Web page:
Hunt, et al  discuss a TCP router, called a “Network Dispatcher”, which supports load sharing over several TCP servers. The dispatcher is placed between the front-end clients and the back-end server and forwards requests from the clients to the server nodes. Responses from servers are returned directly, bypassing the network dispatcher. Though the performance of the “router” is good, it does not analyze the packet data but merely forwards packets to the most lightly loaded server node. Cardellini, et al  discuss a similar system for geographic load balancing for scalable distributed web systems.
 Andresen and McCune  discuss a model for hierarchical scheduling of Distributed World Wide Web Server clusters, which process data dynamically. This model has a group of clusters, servers and clients. The server nodes in the clusters are aware of one another's existence. The system maintains information about the load and cache characteristics of all the clusters that are connected through the cluster server as well as network bandwidth information. Each server node in the cluster runs a scheduler algorithm (e.g., Crovella, et al ) and one of the processes is responsible for linking these schedulers in a hierarchical way. A client's request is routed to the closest server for processing. If one node fails the system can dynamically change the connection process to any of the other nodes or other clusters using the cluster server.
 Vivek, et al  discuss a simple strategy, Locality-Aware Request Distribution (LARD), which is a content-based request distribution system. LARD focuses on static content. One of the advantages of this strategy/method over normal cluster-based network servers is that it offers enhanced performance due to its high cache hit rates. The architecture of LARD consists of back-end nodes and a front-end. The front-end is responsible for forwarding requests to the back-end nodes, which constitute the server. In routing a request, this strategy focuses on the content requested and the load on the back-end nodes. LARD uses hashing techniques to locate the requested data. Based on the load on each node, the front-end decides which node should process the given request. When a request arrives, it sends the request to a lightly loaded node, which caches the needed data. If the requested node is fully loaded it will send the request to a new node, which is not heavily loaded. To attain high cache hit rates, LARD depends on replication of its back-end nodes.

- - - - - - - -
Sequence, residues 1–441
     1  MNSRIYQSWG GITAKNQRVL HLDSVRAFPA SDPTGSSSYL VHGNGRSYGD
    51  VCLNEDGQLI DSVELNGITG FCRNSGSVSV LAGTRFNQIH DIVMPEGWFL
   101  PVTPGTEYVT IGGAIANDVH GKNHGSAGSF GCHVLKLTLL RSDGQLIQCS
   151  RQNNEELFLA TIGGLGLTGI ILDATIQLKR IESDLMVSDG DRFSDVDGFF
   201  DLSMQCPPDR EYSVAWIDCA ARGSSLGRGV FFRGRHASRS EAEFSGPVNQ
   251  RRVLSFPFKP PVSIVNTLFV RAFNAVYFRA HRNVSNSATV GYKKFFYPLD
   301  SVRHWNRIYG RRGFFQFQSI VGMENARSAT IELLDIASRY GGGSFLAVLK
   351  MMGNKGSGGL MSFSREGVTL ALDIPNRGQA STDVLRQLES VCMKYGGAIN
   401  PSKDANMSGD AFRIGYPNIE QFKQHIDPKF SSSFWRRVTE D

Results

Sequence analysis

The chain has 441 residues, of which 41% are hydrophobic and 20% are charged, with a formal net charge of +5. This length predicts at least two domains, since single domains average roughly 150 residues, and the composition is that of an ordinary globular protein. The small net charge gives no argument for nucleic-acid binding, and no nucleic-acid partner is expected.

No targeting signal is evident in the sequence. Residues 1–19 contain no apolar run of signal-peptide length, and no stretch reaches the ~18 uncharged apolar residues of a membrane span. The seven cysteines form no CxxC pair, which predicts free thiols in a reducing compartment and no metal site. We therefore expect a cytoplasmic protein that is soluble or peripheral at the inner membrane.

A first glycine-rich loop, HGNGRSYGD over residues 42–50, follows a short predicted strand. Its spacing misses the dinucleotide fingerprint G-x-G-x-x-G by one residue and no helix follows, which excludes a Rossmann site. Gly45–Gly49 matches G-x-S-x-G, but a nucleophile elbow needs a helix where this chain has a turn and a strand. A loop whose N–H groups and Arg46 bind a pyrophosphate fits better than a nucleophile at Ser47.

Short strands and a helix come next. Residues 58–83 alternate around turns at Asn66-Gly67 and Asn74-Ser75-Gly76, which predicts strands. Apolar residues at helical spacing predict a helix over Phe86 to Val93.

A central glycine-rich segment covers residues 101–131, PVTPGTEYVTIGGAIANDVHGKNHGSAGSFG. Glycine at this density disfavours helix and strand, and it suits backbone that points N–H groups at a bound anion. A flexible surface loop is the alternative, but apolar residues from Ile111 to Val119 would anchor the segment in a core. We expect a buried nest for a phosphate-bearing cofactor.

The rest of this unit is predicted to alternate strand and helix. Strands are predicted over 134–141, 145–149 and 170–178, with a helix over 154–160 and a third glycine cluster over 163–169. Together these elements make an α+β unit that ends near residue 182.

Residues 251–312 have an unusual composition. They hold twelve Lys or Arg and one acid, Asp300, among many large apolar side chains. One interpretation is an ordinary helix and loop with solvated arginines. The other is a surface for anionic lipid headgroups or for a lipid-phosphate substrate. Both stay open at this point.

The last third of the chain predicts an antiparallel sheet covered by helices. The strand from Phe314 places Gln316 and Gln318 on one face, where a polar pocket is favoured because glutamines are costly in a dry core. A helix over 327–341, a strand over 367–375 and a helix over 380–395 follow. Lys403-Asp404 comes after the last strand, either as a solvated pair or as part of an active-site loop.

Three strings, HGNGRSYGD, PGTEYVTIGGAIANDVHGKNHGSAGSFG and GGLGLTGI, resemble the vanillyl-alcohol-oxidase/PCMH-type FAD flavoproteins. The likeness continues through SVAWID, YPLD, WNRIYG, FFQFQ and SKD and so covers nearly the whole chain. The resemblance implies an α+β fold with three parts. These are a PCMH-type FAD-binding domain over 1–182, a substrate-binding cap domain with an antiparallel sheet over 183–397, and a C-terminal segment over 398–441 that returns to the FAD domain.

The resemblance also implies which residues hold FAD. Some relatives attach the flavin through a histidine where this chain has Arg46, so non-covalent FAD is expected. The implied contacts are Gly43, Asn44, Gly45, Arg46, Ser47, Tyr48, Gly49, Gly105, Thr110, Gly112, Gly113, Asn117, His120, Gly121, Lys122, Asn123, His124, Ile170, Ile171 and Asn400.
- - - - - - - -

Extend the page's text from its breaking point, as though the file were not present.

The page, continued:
Song, et al  describe an architecture for a scalable and highly available web server accelerator based on caching data from frequently visited sites. These caches are also known as HTTP accelerators. The web server accelerators use multiple processors to provide more cache memory and higher throughput. The system works as follows: First the client sends a request into the network. A TCP router receives the request and passes it on to a nearby caching site. If the first site is not the owner of the requested object, it determines the owner and sends the request to the owner along with the TCP connection details. The owner fetches the object from its cache or from the back-end server if it is not in the cache. Finally the primary owner returns the requested object either directly or indirectly (through caching sites) to the client.
 Song, et al.  also provide an alternative design to  that includes a load balancer as a separate node, which may also choose to route the requests using content-based information. The load balancer has information about the availability and load details of each caching site. When the load balancer acts as a content router, it analyzes the content and directly routes the requests to the owner site, which will fetch the requested object either from its cache or from the back-end server.
 Genova and Christensen  describe a Layer 5 switch for implementing distributed web sites. A distributed web site consists of multiple local sites and the switch acts as a front-end for each local site. Each local site has one or more servers and caches information about the load on, and content available from, the server nodes. When a client makes a request, the switch consults the cache to see if the requested object is available in that local site and what the load information is for the server node. If the node is fully loaded and the request data is not available, the request is passed on to the next closest switch. After processing, the requested object is sent back to the client. The routing depends mainly on the data stored in the cache. In a globally distributed site, one can have any number of local sites. Each local site can have any number of server nodes. So, every time a new local site is created or a new server node is added a new cache should be created or the cache size should be increased.
 Commercial systems for improving web access times are now becoming available. Cisco  for example, discusses various protocols, such as Dynamic Feedback Protocol (DFP), Director Response Protocol (DRP), Web Cache Communication Protocol (WCCP), and Boomerang Control Protocol (BCP) that can be exploited for content routing. The DFP dynamically provides statistical information about the load on and availability of a server. The DRP gives information about the distance between a client and a server and it determines the server that is best capable of processing requested data. The WCCP redirects data to other servers based on information present in the cache. The BCP uses agents to provide network information for routing. The Cisco content router uses information supplied by these protocols to carry out its processing.